Mr. Donne’s estate was the greater part spent in many and chargeable travels, books, and dear-bought experience; he out of all employment that might yield support for himself and wife, who had been curiously and plentifully educated; both their natures generous, and accustomed to confer, and not to receive, courtesies: these and other considerations, but chiefly that his wife was to bear a part in his sufferings, surrounded him with many sad thoughts, and some apparent apprehensions of want.

  But his sorrows were lessened and his wants prevented by the seasonable courtesy of their noble kinsman, Sir Francis Wolly, of Pirford, in Surrey, who entreated them to a cohabitation with him, where they remained with much freedom to themselves, and equal content to him, for some years; and as their charge increased—she had yearly a child—so did his love and bounty.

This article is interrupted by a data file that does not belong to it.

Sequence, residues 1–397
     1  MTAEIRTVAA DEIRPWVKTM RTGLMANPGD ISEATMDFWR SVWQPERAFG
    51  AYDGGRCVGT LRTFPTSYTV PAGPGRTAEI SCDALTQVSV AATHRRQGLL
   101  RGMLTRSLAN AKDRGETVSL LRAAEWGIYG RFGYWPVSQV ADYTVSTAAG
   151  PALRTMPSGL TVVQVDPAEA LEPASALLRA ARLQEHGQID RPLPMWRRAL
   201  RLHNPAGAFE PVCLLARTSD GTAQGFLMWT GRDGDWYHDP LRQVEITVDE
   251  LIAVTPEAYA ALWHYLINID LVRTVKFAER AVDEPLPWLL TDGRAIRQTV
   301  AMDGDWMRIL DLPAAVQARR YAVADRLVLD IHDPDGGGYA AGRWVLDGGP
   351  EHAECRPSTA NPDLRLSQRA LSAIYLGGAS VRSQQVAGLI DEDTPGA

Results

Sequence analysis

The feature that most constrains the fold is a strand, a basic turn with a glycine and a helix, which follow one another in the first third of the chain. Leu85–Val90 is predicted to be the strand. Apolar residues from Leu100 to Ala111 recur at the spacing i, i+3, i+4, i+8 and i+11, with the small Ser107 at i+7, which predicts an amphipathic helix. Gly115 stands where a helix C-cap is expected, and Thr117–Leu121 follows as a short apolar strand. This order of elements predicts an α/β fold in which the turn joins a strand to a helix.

It hath been observed by wise and considering men that wealth hath seldom been the portion, and never the mark to discover good people; but that Almighty God, who disposeth all things wisely, hath of his abundant goodness denied it—He only knows why—to many whose minds He hath enriched with the greater blessings of knowledge and virtue, as the fairer testimonies of his love to mankind: and this was the present condition of this man of so excellent erudition and endowments; whose necessary and daily expenses were hardly reconcilable with his uncertain and narrow estate. Which I mention, for that at this time there was a most generous offer made him for the moderating of his worldly cares; the declaration of which shall be the next employment of my pen.